The Institute of Medicine has outlined 20 recommendations to reduce the rate of misdiagnoses that jeopardize the safety of patient care provided in the U.S. The recommendations are delineated in the IOM's latest patient safety tome, (2015, September 22). In the 346-page report found on , the IOM said misdiagnoses contribute to 10 percent of all patient deaths and that most people “will experience at least one diagnostic error in their lifetime.” Among the IOM's 20 recommendations to reverse the situation are several targeted at health IT. Specifically, the IOM said health IT used in the diagnostic process should: Demonstrate usability; incorporate human factors; integrate measurement capability; fit well within clinical workflow; provide clinical decision support; and facilitate the timely flow of information among patients and health care professionals. If you're a health care provider, those are the features you should be looking for in your EHR systems.
1.9% reduction in low-value health care services
The reduction in the number of low-value health care services provided to Medicare patients by Medicare Pioneer ACOs in their first year of operation was measured at 1.9%. Researchers looked at whether the participating providers in Pioneer ACOs cut back on any of 31 health care services to beneficiaries that offered minimal clinical value based on the beneficiaries' health status. And they did, according to their in the Journal of the American Medical Association. The volume of low-value services dipped 1.9 percent, and the spending on low-value services dropped 4.5 percent. The results show that providers, when properly incented, can eliminate unnecessary care without any adverse impact on patient outcomes.
165,000 health apps now available
According to a recent report from the IMS Institute for Healthcare Informatics, (2015, September 17), there are now hundreds of thousands of mobile health applications available for download to consumers from Apple and Google. That's nearly four times the number of mobile health apps found by the IMS Institute two years ago in its first report on the topic. Of the 165,000 apps identified in the new report, 26,864 were true mobile health apps, which the group defined as those focused on overall wellness like diet and exercise and those focused on disease management like medication reminders. The report said one in 10 true mobile health apps now can connect to a device or sensor, enabling collection and transmission of health data.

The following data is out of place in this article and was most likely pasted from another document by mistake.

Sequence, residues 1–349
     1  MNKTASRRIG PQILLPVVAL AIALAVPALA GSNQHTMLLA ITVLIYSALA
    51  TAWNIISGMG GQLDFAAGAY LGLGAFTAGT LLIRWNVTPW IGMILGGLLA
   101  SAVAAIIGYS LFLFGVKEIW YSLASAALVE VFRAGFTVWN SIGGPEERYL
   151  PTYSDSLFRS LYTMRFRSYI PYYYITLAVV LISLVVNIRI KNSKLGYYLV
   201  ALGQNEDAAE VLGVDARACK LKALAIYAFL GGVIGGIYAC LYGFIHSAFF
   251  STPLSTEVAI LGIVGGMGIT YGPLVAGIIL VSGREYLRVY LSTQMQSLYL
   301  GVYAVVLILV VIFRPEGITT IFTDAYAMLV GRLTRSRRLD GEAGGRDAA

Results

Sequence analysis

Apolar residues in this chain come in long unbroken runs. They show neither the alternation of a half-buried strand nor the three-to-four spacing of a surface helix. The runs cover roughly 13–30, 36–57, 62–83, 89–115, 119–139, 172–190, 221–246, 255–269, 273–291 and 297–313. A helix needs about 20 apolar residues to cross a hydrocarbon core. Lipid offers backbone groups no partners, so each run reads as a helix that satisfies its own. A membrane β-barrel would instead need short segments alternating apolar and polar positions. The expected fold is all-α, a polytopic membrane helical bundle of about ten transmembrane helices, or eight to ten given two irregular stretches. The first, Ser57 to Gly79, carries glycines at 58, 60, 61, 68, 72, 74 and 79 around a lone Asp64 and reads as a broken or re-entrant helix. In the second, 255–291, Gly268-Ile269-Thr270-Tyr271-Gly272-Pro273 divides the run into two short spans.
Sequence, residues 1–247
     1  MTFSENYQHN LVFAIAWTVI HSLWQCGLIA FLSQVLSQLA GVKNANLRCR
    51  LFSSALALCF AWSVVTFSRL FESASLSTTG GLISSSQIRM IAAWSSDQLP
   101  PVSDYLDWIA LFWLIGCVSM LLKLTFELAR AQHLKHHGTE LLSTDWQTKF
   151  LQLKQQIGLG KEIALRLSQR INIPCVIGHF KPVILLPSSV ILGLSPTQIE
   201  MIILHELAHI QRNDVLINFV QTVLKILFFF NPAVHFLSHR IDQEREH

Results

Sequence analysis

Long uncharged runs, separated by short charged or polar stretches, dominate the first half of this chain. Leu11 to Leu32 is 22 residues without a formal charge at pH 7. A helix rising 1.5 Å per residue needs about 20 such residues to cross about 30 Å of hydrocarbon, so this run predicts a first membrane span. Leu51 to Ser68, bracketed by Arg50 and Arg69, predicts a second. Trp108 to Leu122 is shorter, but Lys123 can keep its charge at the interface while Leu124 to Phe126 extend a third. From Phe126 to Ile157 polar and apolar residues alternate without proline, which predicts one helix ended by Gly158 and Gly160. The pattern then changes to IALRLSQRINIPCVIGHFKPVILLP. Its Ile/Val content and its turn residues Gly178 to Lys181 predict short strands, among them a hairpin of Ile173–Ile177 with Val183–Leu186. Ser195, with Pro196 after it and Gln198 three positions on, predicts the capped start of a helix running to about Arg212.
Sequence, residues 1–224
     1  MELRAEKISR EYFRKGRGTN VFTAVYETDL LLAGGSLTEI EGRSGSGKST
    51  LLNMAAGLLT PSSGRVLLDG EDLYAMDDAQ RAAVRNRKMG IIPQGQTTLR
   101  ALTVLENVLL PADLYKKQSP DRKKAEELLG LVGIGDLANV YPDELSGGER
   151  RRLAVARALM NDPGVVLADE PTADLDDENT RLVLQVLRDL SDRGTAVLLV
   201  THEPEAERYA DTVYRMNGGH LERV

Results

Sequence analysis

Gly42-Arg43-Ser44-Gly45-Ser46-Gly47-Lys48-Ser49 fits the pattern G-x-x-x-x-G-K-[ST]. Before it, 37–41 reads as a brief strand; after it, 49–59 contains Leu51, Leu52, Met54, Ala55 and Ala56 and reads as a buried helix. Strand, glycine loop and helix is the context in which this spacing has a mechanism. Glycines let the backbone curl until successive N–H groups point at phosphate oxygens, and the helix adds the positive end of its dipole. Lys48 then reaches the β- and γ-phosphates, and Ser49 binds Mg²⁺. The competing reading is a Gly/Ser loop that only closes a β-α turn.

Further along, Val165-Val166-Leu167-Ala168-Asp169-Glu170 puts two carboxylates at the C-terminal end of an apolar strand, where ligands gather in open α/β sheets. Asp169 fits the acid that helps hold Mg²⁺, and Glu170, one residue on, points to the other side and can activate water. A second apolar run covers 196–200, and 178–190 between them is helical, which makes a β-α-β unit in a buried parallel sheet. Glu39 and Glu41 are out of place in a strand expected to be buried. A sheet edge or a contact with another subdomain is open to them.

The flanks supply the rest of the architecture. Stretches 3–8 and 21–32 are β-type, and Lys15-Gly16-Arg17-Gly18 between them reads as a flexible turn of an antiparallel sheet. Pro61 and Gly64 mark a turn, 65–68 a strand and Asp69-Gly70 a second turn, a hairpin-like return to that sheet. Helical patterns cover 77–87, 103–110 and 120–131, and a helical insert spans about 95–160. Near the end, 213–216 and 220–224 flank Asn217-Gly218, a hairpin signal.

91% of patients found texts helpful for managing health
Researchers sent four text messages per week for six months to 352 people with heart disease. The messages were lifestyle reminders on diet, exercise, tobacco use and medication adherence. They didn't send any text messages to a peer group of 358 people with heart disease. After six months, the texted patients lowered their cholesterol, lowered their blood pressure, lost more weight, exercised more and reduced smoking more than patients who didn't get phone reminders. Some 91 percent of texted patients said the messages were useful in helping them maintain a heart healthier lifestyle. The study, (2015, September 22) appeared in the . This demonstrates that technology doesn't have to be complex to improve patient engagement.
17.6 Million new covered lives
As a result of the Patient Protection and Affordable Care Act, which took effect in 2010, there are reportedly 17.6 million adults in the U.S. who have gained health insurance coverage. This data is from HHS Secretary Sylvia Burwell, (2015, September 22). Of those, 15.3 million obtained coverage through state health insurance exchanges, and another 2.3 million were young adults who were able to stay on their parents' health insurance plan.